Research limitations/implications

The study contributes to the debate over the merits/costs of corporate donations and helps better understand how SOEs and private firms (particularly family-owned firms) differ in their governance and financial decision-making.

Practical implications

Both managers from private firms and SOEs can use the findings of this study to better guide their donation and other philanthropic decisions.

Originality/value

This study is the first to examine both the motives and effects of corporate donations by both private and SOEs taking advantage of the 2008 Sichuan, thereby significantly extending prior related studies.

Details

China Finance Review International, vol. 10 no. 2
Type: Research Article
ISSN: 2044-1398

Keywords

Article
Publication date: 20 April 2010

Guoping Liu and Jerry Sun

The purpose of this paper is to examine whether the type of ultimate controllers (i.e. private vs state) affects corporate disclosure quality and whether the relationship…

1883

Abstract

Purpose

The purpose of this paper is to examine whether the type of ultimate controllers (i.e. private vs state) affects corporate disclosure quality and whether the relationship between the type of ultimate controllers and corporate disclosure quality is moderated by the separation of ownership and control.

Design/methodology/approach

This study employs the data of 405 Chinese listed firms in 2005. Annual reports were reviewed to collect the data including the type of ultimate owners, cash‐flow rights, and control rights; and the ratings of corporate disclosure quality were obtained from the Shenzhen Stock Exchange website. Ordered logistic regression tested the hypotheses.

Findings

It was found that corporate disclosure quality is lower for firms ultimately controlled by individuals than for firms ultimately controlled by the state. Also, the negative effect of private ultimate ownership on corporate disclosure quality is stronger for firms with high deviation of cash‐flow rights and control rights.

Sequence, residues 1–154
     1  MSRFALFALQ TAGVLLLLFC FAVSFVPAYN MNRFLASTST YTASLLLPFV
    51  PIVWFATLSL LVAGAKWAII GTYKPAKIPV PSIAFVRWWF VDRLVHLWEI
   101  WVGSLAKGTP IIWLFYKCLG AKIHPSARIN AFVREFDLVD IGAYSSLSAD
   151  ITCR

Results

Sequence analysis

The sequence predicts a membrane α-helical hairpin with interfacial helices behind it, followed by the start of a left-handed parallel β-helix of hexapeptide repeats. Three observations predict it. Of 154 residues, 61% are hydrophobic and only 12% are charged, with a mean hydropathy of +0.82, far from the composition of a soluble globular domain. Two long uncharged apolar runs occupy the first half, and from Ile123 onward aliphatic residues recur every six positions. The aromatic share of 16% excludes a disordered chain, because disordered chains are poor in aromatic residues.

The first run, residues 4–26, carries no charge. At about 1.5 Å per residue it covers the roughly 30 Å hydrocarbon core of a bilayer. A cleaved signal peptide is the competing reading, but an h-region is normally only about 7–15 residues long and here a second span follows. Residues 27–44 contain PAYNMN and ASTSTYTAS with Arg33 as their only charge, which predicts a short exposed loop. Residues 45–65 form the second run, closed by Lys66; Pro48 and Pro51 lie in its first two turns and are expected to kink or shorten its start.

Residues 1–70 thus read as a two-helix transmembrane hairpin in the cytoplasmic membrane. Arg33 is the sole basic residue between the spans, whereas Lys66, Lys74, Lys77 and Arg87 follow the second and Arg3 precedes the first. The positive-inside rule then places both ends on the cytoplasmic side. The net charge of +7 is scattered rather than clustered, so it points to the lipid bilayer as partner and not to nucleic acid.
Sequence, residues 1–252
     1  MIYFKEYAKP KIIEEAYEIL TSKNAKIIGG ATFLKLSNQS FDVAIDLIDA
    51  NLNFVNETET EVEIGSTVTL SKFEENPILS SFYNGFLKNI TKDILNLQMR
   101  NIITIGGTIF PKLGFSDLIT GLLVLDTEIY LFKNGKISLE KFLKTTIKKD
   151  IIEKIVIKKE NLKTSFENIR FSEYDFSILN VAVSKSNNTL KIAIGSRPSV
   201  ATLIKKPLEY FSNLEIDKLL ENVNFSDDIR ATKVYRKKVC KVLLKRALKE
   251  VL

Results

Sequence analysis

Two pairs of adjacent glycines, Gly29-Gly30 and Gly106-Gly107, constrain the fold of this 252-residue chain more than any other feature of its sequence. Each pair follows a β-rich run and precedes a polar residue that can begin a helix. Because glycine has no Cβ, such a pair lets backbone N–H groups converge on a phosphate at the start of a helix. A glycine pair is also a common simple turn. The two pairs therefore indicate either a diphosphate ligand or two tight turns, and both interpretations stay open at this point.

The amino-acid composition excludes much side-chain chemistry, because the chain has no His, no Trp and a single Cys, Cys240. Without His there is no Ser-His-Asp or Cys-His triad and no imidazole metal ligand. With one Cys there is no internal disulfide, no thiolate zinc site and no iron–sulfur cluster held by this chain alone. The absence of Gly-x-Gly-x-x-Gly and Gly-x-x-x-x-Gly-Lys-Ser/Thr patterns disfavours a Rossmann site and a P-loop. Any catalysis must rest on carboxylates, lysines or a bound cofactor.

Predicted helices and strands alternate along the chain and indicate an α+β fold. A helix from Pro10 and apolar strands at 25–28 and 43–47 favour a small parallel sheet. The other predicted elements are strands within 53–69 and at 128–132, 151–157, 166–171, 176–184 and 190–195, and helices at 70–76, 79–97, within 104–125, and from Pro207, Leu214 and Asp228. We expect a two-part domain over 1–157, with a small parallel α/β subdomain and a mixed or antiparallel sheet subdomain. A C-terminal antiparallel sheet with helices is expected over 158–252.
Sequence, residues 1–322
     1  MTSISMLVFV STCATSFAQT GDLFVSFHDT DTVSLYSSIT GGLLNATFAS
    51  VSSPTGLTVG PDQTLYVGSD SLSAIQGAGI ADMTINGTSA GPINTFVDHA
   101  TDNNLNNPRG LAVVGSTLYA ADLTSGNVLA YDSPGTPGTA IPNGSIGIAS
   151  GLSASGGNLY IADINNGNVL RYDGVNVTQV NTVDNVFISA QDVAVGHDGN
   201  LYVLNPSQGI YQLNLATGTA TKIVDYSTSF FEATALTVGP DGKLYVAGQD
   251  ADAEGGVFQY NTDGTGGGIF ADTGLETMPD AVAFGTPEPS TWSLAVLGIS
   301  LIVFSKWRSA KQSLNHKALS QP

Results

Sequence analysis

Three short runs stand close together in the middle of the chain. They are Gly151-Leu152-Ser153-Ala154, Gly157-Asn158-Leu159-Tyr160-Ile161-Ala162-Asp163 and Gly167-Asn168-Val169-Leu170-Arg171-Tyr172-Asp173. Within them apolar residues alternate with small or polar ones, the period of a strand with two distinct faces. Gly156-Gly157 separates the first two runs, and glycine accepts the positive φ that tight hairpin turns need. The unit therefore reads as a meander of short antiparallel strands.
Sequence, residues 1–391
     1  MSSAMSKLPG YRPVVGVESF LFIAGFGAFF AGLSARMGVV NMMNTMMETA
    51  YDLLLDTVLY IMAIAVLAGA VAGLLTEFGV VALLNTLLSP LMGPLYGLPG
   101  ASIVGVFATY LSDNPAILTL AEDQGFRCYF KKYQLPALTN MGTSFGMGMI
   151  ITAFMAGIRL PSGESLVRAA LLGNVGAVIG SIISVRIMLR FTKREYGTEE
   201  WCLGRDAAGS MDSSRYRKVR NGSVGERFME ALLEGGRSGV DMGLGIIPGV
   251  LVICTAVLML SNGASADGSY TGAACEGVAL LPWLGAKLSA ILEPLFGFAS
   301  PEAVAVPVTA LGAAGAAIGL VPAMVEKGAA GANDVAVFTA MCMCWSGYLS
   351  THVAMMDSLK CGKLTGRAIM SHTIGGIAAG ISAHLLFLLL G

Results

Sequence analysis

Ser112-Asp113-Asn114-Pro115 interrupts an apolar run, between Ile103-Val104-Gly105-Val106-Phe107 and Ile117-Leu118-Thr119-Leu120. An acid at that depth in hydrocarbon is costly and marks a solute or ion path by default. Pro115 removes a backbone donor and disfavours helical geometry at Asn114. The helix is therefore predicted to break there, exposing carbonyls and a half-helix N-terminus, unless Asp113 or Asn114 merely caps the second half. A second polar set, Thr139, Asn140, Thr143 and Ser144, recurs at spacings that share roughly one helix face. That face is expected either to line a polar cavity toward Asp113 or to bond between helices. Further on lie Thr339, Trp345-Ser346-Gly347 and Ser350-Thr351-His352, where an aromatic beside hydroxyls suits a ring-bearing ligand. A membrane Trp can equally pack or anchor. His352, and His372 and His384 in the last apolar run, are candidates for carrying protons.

Practical implications

These findings suggest that privatizing state‐owned companies may increase the expropriation of minority shareholders by controlling shareholders if the privatization does not reduce the separation of cash‐flow rights from control rights. Thus, it may be necessary to strengthen the governance role of minority shareholders and constrain the divergence between cash‐flow rights and control rights of the ultimate owners when state‐owned companies are privatized.

Originality/value

This study contributes to the literature on the expropriation of minority shareholders by examining the main effect of the type of ultimate controllers and the interactive effect of ultimate ownership type and the divergence of ownership and control on corporate disclosure quality.

Details

Managerial Finance, vol. 36 no. 5
Type: Research Article
ISSN: 0307-4358

Keywords

Article
Publication date: 12 November 2018

Steve O’Callaghan, John Ashton and Lynn Hodgkinson

The purpose of this paper is to investigate two related questions. First, is earnings management behaviour in private firms related to managerial ownership and if so, what…

1273

Abstract

Purpose

The purpose of this paper is to investigate two related questions. First, is earnings management behaviour in private firms related to managerial ownership and if so, what form does the relationship take. Second, is there evidence of opportunistic earnings management behaviour in private firms.

Design/methodology/approach

This study uses univariate and multivariate (regression) methodologies to examine the association between managerial ownership and earnings management in private firms. The study employs a data set of 1,223 large private UK firms.

Findings

Evidence is presented indicating opportunistic earnings management behaviour in private firms. Specifically, firms with low managerial ownership appear to engage in more earnings management when faced with poor performance. Further, when firms report income-increasing discretionary accruals, the magnitude of abnormal accruals varies non-linearly with managerial ownership.